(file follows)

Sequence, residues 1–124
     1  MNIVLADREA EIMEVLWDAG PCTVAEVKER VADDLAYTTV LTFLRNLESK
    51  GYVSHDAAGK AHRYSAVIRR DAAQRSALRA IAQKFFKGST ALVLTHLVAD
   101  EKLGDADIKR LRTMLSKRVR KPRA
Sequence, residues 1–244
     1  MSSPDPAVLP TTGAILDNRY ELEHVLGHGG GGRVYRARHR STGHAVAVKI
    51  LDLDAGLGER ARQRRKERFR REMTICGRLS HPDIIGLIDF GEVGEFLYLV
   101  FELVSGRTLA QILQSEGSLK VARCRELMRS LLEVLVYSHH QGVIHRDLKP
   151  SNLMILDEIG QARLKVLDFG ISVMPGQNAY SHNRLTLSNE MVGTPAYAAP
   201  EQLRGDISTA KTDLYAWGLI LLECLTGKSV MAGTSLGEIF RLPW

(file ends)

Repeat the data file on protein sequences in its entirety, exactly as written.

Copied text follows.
Sequence, residues 1–124
     1  MNIVLADREA EIMEVLWDAG PCTVAEVKER VADDLAYTTV LTFLRNLESK
    51  GYVSHDAAGK AHRYSAVIRR DAAQRSALRA IAQKFFKGST ALVLTHLVAD
   101  EKLGDADIKR LRTMLSKRVR KPRA
Sequence, residues 1–244
     1  MSSPDPAVLP TTGAILDNRY ELEHVLGHGG GGRVYRARHR STGHAVAVKI
    51  LDLDAGLGER ARQRRKERFR REMTICGRLS HPDIIGLIDF GEVGEFLYLV
   101  FELVSGRTLA QILQSEGSLK VARCRELMRS LLEVLVYSHH QGVIHRDLKP
   151  SNLMILDEIG QARLKVLDFG ISVMPGQNAY SHNRLTLSNE MVGTPAYAAP
   201  EQLRGDISTA KTDLYAWGLI LLECLTGKSV MAGTSLGEIF RLPW